Sylvie’s Love

December 23rd, 2020




AMovieGuy’s RATING: 3 ½ STARS (Out of 4)

While watching Sylvie’s Love I couldn’t stop thinking about La La Land. The two films felt strangely connected. Both films are about two people falling in love, with the wedges of life dividing them, a jazz musician, a woman passionate about her career, gorgeous bright colors, and a romance that whisks us away. Eugene Ashe’s film is not a musical, but it certainly has me singing its praises, because it truly understands the characters, and tells a classic tale of love. Tessa Thompson stars as Sylvie and Nnamdi Asomugha as Robert, set in 1950’s Harlem, where a jazz saxophonist walks into a record store and falls in love with Sylvie. Making the love work is easier said than done, but as a film, Sylvie’s Love is sweet sweet music.

There are plenty of technical aspects to Sylvie’s Love that I will praise later, but what caught me off guard is the overflowing talents of Asomugha. The former Oakland Raider all-pro has made a seamless transition into acting and when you see him here, you may think as I do, that he has found his true calling. His performance as Robert is a mixture of quietly reserved, love struck, and conflicted within himself. He’s a musician first and wants to find success at doing what he loves. When he meets Sylvie, things change, for him and for his goals. He starts working part time at the record store, just to get close to Sylvie and hopes to impress Sylvie’s father Herbert (Lance Reddick). For Thompson it is more of the same, because she’s always excellent. The Thor: Ragnarok and Creed star is playing a role with more depth than typical throwback dramas being told about black people. This is not Hidden Figures or the antiquated feel we saw in a story like Green Book. Sylvie’s Love has a similar approach to The Photograph, where the courting process makes you feel good, but now we see it back in time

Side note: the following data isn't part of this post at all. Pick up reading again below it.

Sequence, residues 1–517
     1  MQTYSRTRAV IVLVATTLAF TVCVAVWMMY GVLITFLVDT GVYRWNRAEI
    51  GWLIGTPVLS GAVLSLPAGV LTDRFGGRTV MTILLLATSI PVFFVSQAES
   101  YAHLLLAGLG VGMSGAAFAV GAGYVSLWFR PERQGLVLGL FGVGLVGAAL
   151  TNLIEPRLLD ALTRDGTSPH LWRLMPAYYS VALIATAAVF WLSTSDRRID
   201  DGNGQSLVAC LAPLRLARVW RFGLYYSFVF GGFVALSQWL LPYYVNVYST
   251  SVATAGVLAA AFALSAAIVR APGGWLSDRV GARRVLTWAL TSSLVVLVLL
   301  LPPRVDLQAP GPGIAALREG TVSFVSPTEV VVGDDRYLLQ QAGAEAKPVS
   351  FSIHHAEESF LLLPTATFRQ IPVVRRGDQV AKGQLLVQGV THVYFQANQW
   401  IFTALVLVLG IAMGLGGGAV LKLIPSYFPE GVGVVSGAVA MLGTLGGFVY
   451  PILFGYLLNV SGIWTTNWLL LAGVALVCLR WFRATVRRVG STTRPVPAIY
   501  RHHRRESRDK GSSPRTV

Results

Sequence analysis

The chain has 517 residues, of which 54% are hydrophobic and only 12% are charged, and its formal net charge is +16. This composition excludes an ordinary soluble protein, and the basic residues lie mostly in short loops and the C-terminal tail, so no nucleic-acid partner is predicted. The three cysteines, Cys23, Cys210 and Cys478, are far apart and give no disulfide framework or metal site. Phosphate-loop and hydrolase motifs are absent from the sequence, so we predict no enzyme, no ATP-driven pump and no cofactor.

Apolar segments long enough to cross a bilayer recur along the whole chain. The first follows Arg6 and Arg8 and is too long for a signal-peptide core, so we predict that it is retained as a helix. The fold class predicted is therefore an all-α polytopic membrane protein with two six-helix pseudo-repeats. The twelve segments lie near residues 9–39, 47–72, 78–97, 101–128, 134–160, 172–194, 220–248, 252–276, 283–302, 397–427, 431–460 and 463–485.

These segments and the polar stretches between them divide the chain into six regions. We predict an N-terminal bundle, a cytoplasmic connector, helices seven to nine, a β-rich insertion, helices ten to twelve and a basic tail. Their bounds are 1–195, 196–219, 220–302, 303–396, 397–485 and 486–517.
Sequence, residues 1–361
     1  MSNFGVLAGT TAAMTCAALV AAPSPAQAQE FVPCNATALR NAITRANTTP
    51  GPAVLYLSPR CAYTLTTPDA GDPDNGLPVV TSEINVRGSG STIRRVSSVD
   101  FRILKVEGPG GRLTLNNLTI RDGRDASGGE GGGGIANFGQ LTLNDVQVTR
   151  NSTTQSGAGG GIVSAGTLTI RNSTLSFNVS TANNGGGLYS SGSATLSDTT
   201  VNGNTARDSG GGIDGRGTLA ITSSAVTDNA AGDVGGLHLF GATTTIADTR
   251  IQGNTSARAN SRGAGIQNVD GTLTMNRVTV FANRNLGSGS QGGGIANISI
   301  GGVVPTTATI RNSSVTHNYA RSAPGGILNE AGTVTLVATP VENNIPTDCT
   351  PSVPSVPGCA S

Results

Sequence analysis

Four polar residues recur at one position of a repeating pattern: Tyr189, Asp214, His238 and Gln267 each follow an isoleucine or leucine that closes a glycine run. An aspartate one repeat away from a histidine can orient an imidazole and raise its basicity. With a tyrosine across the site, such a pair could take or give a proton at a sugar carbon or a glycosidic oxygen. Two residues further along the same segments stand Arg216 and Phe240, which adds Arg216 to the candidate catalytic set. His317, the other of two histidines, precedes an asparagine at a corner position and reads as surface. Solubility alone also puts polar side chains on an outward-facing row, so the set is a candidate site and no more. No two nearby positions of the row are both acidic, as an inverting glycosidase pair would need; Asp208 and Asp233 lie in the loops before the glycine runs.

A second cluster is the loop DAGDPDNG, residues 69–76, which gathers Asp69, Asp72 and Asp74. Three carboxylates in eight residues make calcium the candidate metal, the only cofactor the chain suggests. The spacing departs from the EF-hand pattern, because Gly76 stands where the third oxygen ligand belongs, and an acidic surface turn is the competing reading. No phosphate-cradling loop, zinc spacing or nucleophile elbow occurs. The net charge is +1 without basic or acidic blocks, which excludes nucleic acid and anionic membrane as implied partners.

The direction and screenplay by Eugene Ashe is impressive, especially considering the circumstances. His directorial debut- Homecoming, was a low-budget New York film, but this looks nothing like a sophomore effort. The production design is exceptional, with highly detailed sets, gorgeous costumes, and cinematography that captures colors of green, tan, and brown like a crisp autumn sunset. It helps when you have attractive actors to capture in these settings, but Ashe is not afraid to pull the camera away and let the love of Robert and Sylvie unfold from afar.

Another important dynamic about Sylvie’s Love is how pure of a romance this is. It may not have the swelling moments such as Brooklyn, or the flighty dreams of La La Land, but it is more honest with love. It also makes the situation for black communities during the 1950’s the reality, a part of what Sylvie is fighting constantly, both to earn respect as a working woman and in her independence. For Robert he is fighting to prove his talents when he should not have to, clearly an excellent musician, but also fighting the masculine struggle of being someone that can provide for his wife, while still being the free artist that he is.

At its weakest, Sylvie’s Love may be a movie that feels familiar to other love stories you have seen before, but at it’s best, it will fill your heart with joy. The performances from Asomugha is a revelation, something that should lead to bigger roles. Tessa Thompson proves that she is gorgeous, both inside and out, playing the title role without pulling her punches. I am always reminded of that famous line, “it is better to have loved and lost than to never have loved at all”, that fits perfectly with Sylvie’s Love because we are better to have Sylvie’s Love in our lives.



Written by: Leo Brady

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